Brighton, Sussex (PRWEB) September 13, 2007
On Wednesday September 19th from 9.30. (Picture ready at 12.00 noon)
Richard Robinson will attempt to build the world's biggest picture from toast.
The most amazing picture in the most amazing setting - Herstmonceux observatory and science centre, BN27 1RN, Sussex
Why toast? the Science Festival will be celebrating the 80th anniversary of sliced bread.
Meet the Festival director, Richard Robinson. In a former life he was a founder member of Spitting Image
Watch him give Prince Charles the Spitting Image treatment with over 1,000 pieces of toast.
Not only the 80th anniversary of Sliced Bread, but also the 100th anniversary of the tea-bag, and ditto the coffee filter. Plus it's 400 years since the first fork was introduced to England. No surprise that the Festival will be doing breakfast as one of its events.
This event is to raise awareness, and ultimately to raise sponsorship to fund the next Festival
There is nothing like this Festival in the South of England. It is not only a captivating week, it is not only an essential forum for important issues in science, it is also driving up standards in science and technology and improving recruitment at A level, at degree level and in industry
Over 4,000 visitors are expected during the Festival Week. The Family Weekend attracts 1,000 people per day, from all over Sussex, plus some from London. The Big Science events attract 400 per day. Many other events happen during the week, as you can see from our website, http://www.BrightonScience.com (there's a four-minute video there which gives a good flavour of what we do).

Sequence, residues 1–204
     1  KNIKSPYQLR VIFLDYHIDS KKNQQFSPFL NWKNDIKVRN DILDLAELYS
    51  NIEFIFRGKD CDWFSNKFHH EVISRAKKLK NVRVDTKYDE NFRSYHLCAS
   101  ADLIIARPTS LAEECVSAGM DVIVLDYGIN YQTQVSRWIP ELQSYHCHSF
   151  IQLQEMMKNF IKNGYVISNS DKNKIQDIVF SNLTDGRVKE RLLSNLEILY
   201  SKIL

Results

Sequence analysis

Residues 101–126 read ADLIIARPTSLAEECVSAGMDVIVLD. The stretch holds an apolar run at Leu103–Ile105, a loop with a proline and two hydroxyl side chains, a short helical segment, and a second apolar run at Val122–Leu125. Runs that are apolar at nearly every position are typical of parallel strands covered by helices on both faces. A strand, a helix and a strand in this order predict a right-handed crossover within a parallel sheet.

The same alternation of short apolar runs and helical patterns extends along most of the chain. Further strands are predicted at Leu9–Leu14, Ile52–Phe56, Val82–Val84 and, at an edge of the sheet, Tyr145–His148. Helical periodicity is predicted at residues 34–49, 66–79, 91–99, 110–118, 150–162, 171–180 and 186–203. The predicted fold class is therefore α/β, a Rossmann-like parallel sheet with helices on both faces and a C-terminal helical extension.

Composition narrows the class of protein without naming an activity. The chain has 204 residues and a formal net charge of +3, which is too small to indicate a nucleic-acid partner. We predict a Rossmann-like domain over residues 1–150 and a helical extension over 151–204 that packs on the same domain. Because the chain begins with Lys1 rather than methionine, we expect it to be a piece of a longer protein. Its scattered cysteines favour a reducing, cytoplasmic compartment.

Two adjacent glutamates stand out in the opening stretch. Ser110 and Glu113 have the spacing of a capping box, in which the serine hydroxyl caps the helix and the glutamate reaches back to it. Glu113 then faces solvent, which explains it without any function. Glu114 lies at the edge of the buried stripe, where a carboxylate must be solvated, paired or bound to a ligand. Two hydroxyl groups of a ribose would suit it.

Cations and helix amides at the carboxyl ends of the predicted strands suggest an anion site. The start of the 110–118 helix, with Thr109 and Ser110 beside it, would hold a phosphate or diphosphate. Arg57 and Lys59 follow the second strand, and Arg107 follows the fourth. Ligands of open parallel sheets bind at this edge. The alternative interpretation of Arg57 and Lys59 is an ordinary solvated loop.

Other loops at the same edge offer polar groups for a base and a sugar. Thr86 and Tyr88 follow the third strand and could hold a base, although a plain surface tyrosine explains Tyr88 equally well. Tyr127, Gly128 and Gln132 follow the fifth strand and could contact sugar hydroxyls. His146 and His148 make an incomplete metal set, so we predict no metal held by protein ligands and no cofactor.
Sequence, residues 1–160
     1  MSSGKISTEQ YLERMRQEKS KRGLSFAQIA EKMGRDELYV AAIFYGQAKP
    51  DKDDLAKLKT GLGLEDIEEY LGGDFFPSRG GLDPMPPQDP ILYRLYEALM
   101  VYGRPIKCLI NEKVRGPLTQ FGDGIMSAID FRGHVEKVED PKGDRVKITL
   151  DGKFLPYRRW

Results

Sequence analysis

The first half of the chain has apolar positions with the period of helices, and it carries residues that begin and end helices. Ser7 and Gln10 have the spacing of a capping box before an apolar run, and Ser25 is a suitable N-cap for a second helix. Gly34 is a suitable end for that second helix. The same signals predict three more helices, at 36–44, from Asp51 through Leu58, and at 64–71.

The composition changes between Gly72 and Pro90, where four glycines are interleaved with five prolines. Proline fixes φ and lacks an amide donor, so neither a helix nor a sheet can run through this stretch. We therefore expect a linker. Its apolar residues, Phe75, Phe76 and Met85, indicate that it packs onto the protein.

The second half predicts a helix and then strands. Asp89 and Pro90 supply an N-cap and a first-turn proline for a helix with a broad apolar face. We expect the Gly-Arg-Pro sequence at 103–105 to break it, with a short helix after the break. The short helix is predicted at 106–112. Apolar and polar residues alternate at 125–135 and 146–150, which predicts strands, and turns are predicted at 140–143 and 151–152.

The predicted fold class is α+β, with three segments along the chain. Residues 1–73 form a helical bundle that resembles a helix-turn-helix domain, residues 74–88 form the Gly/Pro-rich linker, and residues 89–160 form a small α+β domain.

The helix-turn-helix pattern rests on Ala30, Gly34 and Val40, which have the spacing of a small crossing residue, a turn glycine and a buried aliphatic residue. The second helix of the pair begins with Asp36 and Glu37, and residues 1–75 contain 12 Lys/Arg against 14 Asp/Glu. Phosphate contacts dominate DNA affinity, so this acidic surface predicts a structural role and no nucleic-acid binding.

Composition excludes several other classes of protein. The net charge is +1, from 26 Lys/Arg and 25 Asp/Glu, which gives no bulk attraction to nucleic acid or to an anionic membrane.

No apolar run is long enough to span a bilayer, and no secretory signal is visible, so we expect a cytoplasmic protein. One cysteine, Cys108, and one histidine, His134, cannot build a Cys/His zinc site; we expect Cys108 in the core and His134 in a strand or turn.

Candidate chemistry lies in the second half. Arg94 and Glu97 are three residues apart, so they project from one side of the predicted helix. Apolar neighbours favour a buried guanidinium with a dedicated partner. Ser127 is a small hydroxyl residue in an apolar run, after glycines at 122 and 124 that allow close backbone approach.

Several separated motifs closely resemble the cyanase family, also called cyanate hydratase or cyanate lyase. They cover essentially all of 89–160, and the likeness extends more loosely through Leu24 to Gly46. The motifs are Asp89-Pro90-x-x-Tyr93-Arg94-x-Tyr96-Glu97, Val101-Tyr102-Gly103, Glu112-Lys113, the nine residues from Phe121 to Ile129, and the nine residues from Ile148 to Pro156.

The Festival attracts presenters and speakers from all over Britain - the universities of Swansea, Bristol, Portsmouth, Southampton, Oxford, Cambridge, Surrey, Brighton and Sussex have all been; Steve Jones, Adam Hart-Davis, Fred Pearce, and dozens of other experts have spoken; at least one TV personality has shown it is possible to climb up a wall with the aid of just two cheap vacuum cleaners. It is fun, but it is serious. For instance, we will be celebrating breakfast for a bit of fun, but also looking seriously at food miles, waste, Sussex agriculture and problems of diet and food additives.
The University of Sussex nearly closed its chemistry department. The University of Surrey has closed its physics department. The government has acknowledged that there is a crisis in science education in secondary schools. We've got problems. The Science Festival is squaring up to those problems. It is a terrific, high-profile, eclectic, popular advertisement for science in all its forms. It is the only festival of its kind south of Cheltenham and attracts presenters from all over the region - last festival featured presentations from nine universities; Swansea, Bristol UWE, Southampton, Portsmouth, London, Oxford, Surrey, Brighton and Sussex. Past speakers have included Adam Hart-Davis, David Bodanis, John Gribbin, Steve Jones, Tim Radford, Ben Goldacre, Simon Baron-Cohen, etc. The Festival deals with important, exciting and trail-blazing issues.
The Festival site is on http://www.BrightonScience.com, with a report on this year's sell-out events and a 4-minute video. It is an amazing week, most particularly because it gets the whole family participating. Kids (and in particular 12-14 year-olds) learn that science is not just something that happens in science lessons, but is part of the fabric of life.
The Festival helps us to
understand the past,
deal with the present and
prepare for the future
To book to come email richard(at)BrightonScience.com
To contact Richard phone 07974 572 990
For updates on times, phone the Festival office; 01273 777 628
Brighton Science Festival website; http://www.BrightonScience.com
The Observatory Science Centre, Herstmonceux, Hailsham, East Sussex, BN27 1RN
Tel: 01323 832731 Fax 01323 832741 E-mail: info(at)the-observatory.org